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STUART GANNON, Commercial Director of Delta Global, looks at the struggle to manage waste in Hong Kong and the consequences of poor supply chains...
It has long been predicted that, by 2020, Hong Kong’s landfills would be entirely full. So, to avoid a waste management catastrophe, policies and legislation were introduced, revised, and eventually discarded. Now, to alleviate the crisis, a new strategy for waste management has been introduced, in the form of the Government of Hong Kong’s Waste Reduction Resources Circulation Zero Landfill. The new strategy focuses on incineration and landfill expansion.
The challenges in Hong Kong, and how they are managed, are important for two reasons: it would be the chance to demonstrate serious, sustainability policies for other governments, and it is unlikely that landfill capacity issues will be consigned solely to Hong Kong.
It appears much of the plan is focused on expanding waste facilities. This is precisely what the Hong Kong government tried previously, promising enough landfill to contain waste by 2020. It did not work, and here we are again, with a new promise of sufficient landfill by 2035. It is neither cynical nor dismissive of short-term needs to consider this plan as worrisome. Given, for example, that the pandemic increased takeout orders by about 50% – resulting in vast increases in plastic and packaging waste – that which was not achievable by 2020 and is not going to be achievable by 2035. Population growth, increased wealth and higher consumerism will not permit it. Neither will the scarcity of land in Hong Kong. And continually expanding landfills in the 4th most densely populated place on the planet isn’t feasible. Promises of more efficient incineration practices and vague notions of working with industry and communities seem disappointingly lacking in defined, explicit actions.
Yet the government of Hong Kong are hardly alone in pursuing environmental short-termism, pushing an immediate problem into the next decades. Unless Hong Kong and wealthy nations commit to implementing rules on sustainable supply chains, we will continually be amid a cycle of promise breaking and setting new promises.
A sustainable supply chain often begins with a MNC (multinational company) who insist on a first-line supplier adhering to the highest sustainable standards. In turn, they ask their suppliers to comply with those standards, and so on. But governments are reluctant to impose immediate, rigorous supply chain rules because of the perceived cost burden on smaller businesses. Smaller businesses are often reluctant to adopt sustainable supply chains themselves for the same reasons.
Beyond this perception is the lack of supply chain access and options available to new and smaller business. The reason we see sustainable supply chains being adopted by the biggest conglomerates (Starbucks, Nike, Unilever) is not because they are more virtuous than smaller businesses and start-ups. It is because they have access to a supply networks beyond the scope of say, a fast-food start-up. Therefore, government regulation is necessary to ensure smaller businesses have access to sustainable products, materials, and packaging. Without that regulation, we are at the mercy of vague and all-to-often empty rhetoric. Governments must understand what those connected to retail have understood for some time – most consumers are willing to pay more for sustainable products. Hesitation to regulate and assist smaller businesses cannot be excused internally by governments afraid to vex business leaders or pursue ideologies that oppose government assistance. The market and the consumer are heading steadfastly towards sustainability.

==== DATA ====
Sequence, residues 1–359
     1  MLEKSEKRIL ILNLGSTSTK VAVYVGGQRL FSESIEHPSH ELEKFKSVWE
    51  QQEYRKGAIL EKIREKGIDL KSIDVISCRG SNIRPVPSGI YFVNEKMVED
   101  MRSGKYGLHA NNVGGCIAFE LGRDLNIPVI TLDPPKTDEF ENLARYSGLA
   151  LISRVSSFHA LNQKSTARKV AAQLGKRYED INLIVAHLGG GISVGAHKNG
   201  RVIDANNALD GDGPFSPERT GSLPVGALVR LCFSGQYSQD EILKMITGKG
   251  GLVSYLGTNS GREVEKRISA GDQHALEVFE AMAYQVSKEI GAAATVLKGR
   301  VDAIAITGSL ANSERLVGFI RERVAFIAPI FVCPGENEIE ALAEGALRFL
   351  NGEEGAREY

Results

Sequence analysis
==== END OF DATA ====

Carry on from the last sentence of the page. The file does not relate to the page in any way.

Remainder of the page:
It is a perplexing situation – on the one hand, we have Larry Fink, CEO of the world’s largest assent management groups, informing companies that stakeholders expect full disclosure of environmental performance, and on the other, government reluctance to assist businesses to move to market preferences – a move that would have a considerable positive economic and environmental impact.
Switching to Sustainable Packaging
If it currently seems impracticable – even impossible – for smaller and new businesses to use an entirely sustainable supply chain, how can they best make a significant step towards that direction? The most impactful change is switching to a sustainable packaging supplier, and one that has multiple manufacturing locations whereby the end product is able to reach end user in a closer proximity, without adding thousands of carbon miles.
A packaging’s eco-credentials is not just in the materials it uses, but also in its extended life in the homes of consumers, or its natural circular or recyclable journey. If recyclable (like all of our FSC accredited boxes) then it is able to avoid landfill and incineration and even be repurposed into new packaging further down the line, if reusable, it can potentially help the product reach the resale market, or alternatively be used for longer as a useful asset to the buyer. We’ve worked with brands such as MATCHESFASHION, Net-a-Porter, Estée Lauder and Tom Ford as part of their journey to a sustainable packaging supply chain. These brands understand that sustainable packaging means a drastic reduction in needless waste.
In 2020, Eurostat issued a report that estimated the total amount of packaging waste in Europe in 2018 was 77.7 million tonnes. That’s more than the ten years previous, despite several EU directives aimed at reducing waste. But like in Hong Kong, none of these directives had a sufficient emphasis on packaging supply chains. The latest waste management strategy from Hong Kong was a chance to exemplify how to tackle visible environmental mismanagement. Instead, it demonstrates that sustainable supply chains remain distant from government policies.